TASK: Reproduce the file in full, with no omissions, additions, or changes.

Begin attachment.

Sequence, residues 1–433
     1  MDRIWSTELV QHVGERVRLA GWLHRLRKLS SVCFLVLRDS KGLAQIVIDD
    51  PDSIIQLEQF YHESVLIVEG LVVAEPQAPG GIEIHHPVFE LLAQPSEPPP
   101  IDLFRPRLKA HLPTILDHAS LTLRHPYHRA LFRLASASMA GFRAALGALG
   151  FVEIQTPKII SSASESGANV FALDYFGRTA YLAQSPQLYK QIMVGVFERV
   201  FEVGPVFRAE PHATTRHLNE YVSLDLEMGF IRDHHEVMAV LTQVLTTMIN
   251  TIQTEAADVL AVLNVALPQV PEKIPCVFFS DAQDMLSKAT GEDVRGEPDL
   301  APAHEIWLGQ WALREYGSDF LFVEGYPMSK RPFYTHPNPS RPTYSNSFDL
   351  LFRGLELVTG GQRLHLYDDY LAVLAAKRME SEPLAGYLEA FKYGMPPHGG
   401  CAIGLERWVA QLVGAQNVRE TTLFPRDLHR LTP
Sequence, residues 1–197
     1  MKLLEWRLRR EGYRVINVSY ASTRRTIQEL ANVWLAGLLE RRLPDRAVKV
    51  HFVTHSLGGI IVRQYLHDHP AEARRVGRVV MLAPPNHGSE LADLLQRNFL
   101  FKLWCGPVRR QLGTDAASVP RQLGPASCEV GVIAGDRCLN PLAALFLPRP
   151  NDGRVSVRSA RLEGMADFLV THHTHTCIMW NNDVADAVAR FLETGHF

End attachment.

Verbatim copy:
Sequence, residues 1–433
     1  MDRIWSTELV QHVGERVRLA GWLHRLRKLS SVCFLVLRDS KGLAQIVIDD
    51  PDSIIQLEQF YHESVLIVEG LVVAEPQAPG GIEIHHPVFE LLAQPSEPPP
   101  IDLFRPRLKA HLPTILDHAS LTLRHPYHRA LFRLASASMA GFRAALGALG
   151  FVEIQTPKII SSASESGANV FALDYFGRTA YLAQSPQLYK QIMVGVFERV
   201  FEVGPVFRAE PHATTRHLNE YVSLDLEMGF IRDHHEVMAV LTQVLTTMIN
   251  TIQTEAADVL AVLNVALPQV PEKIPCVFFS DAQDMLSKAT GEDVRGEPDL
   301  APAHEIWLGQ WALREYGSDF LFVEGYPMSK RPFYTHPNPS RPTYSNSFDL
   351  LFRGLELVTG GQRLHLYDDY LAVLAAKRME SEPLAGYLEA FKYGMPPHGG
   401  CAIGLERWVA QLVGAQNVRE TTLFPRDLHR LTP
Sequence, residues 1–197
     1  MKLLEWRLRR EGYRVINVSY ASTRRTIQEL ANVWLAGLLE RRLPDRAVKV
    51  HFVTHSLGGI IVRQYLHDHP AEARRVGRVV MLAPPNHGSE LADLLQRNFL
   101  FKLWCGPVRR QLGTDAASVP RQLGPASCEV GVIAGDRCLN PLAALFLPRP
   151  NDGRVSVRSA RLEGMADFLV THHTHTCIMW NNDVADAVAR FLETGHF